1. Planning a Yearly Budget: Making Budget Projections
  2. Planning a Yearly Budget: Needs vs. Wants
  3. Planning a Yearly Budget: Creating a Yearly Budget
  4. Planning a Yearly Budget: Investing the Money You Save

When budgeting, it pays to be mindful of needs vs. wants. Needs are things that you must have in order to survive – food, shelter, clothing, healthcare and transportation. Wants, on the other hand, are things that you would like to have, but you do not actually need in order to survive. Sometimes the line gets blurred between the two.

Examples of Needs vs. Wants

For example, you need a home – a roof over your head, a place to stay warm and dry. Your home, therefore, is a need. Often, however, people want to have a bigger home, or one with upgraded kitchen appliances, hardwood floors and a swimming pool. At this point, we've moved beyond a need and entered into want territory. If you are living beyond your means, you cannot justify this house as a basic need.

Cars are another example. You need a car to drive the kids to school, get to work and run errands. But do you need that big SUV that not only costs twice as much as another car that would have done the job just fine, but also costs more in gas? You need the car, you want the SUV. There's the difference.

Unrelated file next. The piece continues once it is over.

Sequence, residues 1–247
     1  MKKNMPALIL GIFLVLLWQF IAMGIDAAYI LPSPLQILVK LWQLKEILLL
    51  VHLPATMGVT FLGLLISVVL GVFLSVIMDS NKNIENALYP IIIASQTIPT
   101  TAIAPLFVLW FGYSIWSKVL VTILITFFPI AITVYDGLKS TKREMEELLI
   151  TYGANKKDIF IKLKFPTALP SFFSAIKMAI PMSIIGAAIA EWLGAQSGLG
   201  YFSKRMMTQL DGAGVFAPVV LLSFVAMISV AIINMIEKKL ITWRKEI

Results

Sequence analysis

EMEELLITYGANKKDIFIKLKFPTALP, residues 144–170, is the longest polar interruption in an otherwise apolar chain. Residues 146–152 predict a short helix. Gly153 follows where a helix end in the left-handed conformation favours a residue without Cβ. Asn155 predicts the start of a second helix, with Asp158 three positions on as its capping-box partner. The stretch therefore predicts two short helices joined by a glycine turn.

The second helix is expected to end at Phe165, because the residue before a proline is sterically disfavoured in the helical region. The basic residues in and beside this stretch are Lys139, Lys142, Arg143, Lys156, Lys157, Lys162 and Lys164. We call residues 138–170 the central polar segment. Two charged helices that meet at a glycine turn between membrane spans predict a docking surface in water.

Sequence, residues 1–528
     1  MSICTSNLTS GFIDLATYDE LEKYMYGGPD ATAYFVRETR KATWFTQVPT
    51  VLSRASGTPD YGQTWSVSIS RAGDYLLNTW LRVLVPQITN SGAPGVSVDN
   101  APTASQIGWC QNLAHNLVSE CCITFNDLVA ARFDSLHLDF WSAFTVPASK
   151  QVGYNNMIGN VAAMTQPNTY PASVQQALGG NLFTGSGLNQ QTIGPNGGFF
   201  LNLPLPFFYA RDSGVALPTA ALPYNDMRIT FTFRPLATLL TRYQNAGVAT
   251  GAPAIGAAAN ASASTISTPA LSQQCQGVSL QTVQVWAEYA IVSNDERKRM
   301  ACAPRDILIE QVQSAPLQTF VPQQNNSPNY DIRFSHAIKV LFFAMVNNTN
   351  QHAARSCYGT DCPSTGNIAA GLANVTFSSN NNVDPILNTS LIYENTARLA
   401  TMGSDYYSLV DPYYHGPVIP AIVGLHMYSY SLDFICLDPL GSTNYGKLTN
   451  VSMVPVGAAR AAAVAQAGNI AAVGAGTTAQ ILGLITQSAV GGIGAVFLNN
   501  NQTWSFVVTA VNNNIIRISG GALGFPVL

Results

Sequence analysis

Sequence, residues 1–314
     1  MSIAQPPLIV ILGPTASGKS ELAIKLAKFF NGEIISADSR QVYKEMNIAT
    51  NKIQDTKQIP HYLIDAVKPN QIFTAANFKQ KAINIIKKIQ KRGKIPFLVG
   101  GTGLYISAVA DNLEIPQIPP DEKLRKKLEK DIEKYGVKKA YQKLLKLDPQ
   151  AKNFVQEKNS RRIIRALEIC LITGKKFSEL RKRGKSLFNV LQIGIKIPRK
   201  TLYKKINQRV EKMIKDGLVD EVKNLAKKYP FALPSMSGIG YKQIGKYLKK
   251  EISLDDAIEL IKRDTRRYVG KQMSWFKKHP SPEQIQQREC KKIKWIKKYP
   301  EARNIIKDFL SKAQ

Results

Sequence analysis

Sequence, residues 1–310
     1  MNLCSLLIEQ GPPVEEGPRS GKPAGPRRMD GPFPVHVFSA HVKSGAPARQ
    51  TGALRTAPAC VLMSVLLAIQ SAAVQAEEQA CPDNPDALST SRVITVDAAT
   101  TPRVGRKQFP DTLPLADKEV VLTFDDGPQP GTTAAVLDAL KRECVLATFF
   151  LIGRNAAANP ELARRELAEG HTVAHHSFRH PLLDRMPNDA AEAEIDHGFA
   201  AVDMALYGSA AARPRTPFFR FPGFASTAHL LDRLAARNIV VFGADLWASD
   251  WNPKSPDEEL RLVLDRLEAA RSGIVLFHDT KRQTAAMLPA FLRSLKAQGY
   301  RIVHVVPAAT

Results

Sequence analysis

There are expenses that will be wants for one person and needs for another. You may want a high-speed Internet connection at home so you can check Facebook, watch videos or surf. Someone else may need that high-speed connection in order to work from home. The bottom line is this: It's important not to rationalize some expenses away by pretending they are needs when they are actually wants. Be honest with yourself and with your budget. You're allowed to have wants, needless to say, but weigh them against your long-term goals.


Planning a Yearly Budget: Creating a Yearly Budget
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